Over 12m UK workers are not eligible for auto-enrolment into a workplace pension, according to data from the Association of Consulting Actuaries (ACA), led by those employed in smaller firms.
The ACA 2017 Pension Trends Survey suggested 40 per cent of employees in smaller firms are left out auto-enrolment, which has a minimum income trigger of £10,000.
ACA’s survey, which polled 466 employers of all sizes with over 760 pension arrangements, also suggested employee opt-out rates are rising towards one in four at smaller firms.
These figures are expected to rise as auto-enrolment minimum contributions are set to increase.
When combined with the self-employed – which are also not currently eligible for auto-enrolment - there could be over 12m individuals largely relying on the state pension and other state benefits post-2018, by which time most employers will have complied with the auto-enrolment policy, ACA said.
The government is currently conducting an auto-enrolment review, launched last year by the Department for Work & Pensions (DWP), which is expected to publish a report in December.
Auto-enrolment’s coverage, adequacy and how engaged people are with it are the three areas that are being looked at in the review.
Currently the auto-enrolment minimum total contribution is 2 per cent - 1 per cent each from the employee and employer.
From April 2018, the minimum total contribution will increase to 5 per cent, with the employer paying 2 per cent.
One year later, it will increase again to 8 per cent, with the company paying 3 per cent.
It is expected these higher contribution rates will see opt out rates rise further.
A total of £17bn a year will be going into workplace pensions by 2019 to 2020 because of auto-enrolment.
From April 2019, auto-enrolment median opt-out rates are forecast to rise to 16-20 per cent of eligible employees from 11-15 per cent at present, the survey showed.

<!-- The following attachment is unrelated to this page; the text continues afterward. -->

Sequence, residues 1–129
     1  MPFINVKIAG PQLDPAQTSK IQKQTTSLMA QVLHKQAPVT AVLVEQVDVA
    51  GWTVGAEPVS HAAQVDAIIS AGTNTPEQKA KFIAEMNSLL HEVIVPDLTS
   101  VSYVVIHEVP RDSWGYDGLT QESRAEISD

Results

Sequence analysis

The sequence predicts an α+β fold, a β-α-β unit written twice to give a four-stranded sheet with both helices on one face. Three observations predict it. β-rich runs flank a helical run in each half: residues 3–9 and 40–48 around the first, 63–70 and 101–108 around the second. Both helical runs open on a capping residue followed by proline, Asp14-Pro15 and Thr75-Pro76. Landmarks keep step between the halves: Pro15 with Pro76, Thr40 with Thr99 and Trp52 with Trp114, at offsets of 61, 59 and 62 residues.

Some 44 per cent of employers oppose increases in the minimum contributions post-April 2019, whilst 41 per cent support a gradual increase.
According to Bob Scott, ACA’s chairman, the government “needs to develop a coherent ‘next steps’ strategy that is ready to address the anticipated potential danger of rising opt-outs”.
For the majority of small and micro-employers, the “increases in both employer and employee contributions come very soon after their staging date for auto-enrolment and land in the middle of sizeable projected increases in the ‘living wage’ and pre-Brexit economic uncertainties”.
Mr Scott said: “Our survey points to the need – part of what we see as the ‘next steps’ strategy – that looks to a gradual, but essential increase of the default level of contributions into defined contribution schemes.
“This is needed to ensure that many more people save sufficient amounts for an adequate retirement income.”
ACA is proposing a gradual increase to eventually around 16% of earnings.
Mr Scott added: “Without commitment from government to ensure that sums saved into auto-enrolment are meaningful, we see little prospect that as a society we will be able to address the fears of a growing gulf in retirement incomes from one generation to the next.”